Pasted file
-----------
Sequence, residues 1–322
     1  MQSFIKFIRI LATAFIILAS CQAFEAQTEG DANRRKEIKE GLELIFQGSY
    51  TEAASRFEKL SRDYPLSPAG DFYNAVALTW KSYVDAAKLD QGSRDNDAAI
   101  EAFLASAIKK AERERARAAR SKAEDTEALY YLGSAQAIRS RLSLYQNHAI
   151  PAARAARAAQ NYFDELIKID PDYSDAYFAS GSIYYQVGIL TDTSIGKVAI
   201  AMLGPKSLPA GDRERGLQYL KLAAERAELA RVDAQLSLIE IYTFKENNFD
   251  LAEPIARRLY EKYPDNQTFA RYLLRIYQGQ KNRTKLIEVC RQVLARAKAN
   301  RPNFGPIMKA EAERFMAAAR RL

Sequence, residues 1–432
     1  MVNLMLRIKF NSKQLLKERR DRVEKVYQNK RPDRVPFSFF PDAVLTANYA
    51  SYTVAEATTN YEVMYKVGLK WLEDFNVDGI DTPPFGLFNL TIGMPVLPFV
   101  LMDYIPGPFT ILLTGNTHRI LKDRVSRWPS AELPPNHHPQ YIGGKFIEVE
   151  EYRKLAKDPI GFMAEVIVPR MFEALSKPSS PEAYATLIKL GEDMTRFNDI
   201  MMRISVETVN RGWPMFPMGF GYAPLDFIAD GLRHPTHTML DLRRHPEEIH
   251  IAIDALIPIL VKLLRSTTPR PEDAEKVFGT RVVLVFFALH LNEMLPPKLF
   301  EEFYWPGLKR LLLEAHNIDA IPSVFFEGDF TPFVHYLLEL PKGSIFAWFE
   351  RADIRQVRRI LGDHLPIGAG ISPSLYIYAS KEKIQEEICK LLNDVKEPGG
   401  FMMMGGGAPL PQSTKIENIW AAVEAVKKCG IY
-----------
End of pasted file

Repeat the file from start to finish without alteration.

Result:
Sequence, residues 1–322
     1  MQSFIKFIRI LATAFIILAS CQAFEAQTEG DANRRKEIKE GLELIFQGSY
    51  TEAASRFEKL SRDYPLSPAG DFYNAVALTW KSYVDAAKLD QGSRDNDAAI
   101  EAFLASAIKK AERERARAAR SKAEDTEALY YLGSAQAIRS RLSLYQNHAI
   151  PAARAARAAQ NYFDELIKID PDYSDAYFAS GSIYYQVGIL TDTSIGKVAI
   201  AMLGPKSLPA GDRERGLQYL KLAAERAELA RVDAQLSLIE IYTFKENNFD
   251  LAEPIARRLY EKYPDNQTFA RYLLRIYQGQ KNRTKLIEVC RQVLARAKAN
   301  RPNFGPIMKA EAERFMAAAR RL

Sequence, residues 1–432
     1  MVNLMLRIKF NSKQLLKERR DRVEKVYQNK RPDRVPFSFF PDAVLTANYA
    51  SYTVAEATTN YEVMYKVGLK WLEDFNVDGI DTPPFGLFNL TIGMPVLPFV
   101  LMDYIPGPFT ILLTGNTHRI LKDRVSRWPS AELPPNHHPQ YIGGKFIEVE
   151  EYRKLAKDPI GFMAEVIVPR MFEALSKPSS PEAYATLIKL GEDMTRFNDI
   201  MMRISVETVN RGWPMFPMGF GYAPLDFIAD GLRHPTHTML DLRRHPEEIH
   251  IAIDALIPIL VKLLRSTTPR PEDAEKVFGT RVVLVFFALH LNEMLPPKLF
   301  EEFYWPGLKR LLLEAHNIDA IPSVFFEGDF TPFVHYLLEL PKGSIFAWFE
   351  RADIRQVRRI LGDHLPIGAG ISPSLYIYAS KEKIQEEICK LLNDVKEPGG
   401  FMMMGGGAPL PQSTKIENIW AAVEAVKKCG IY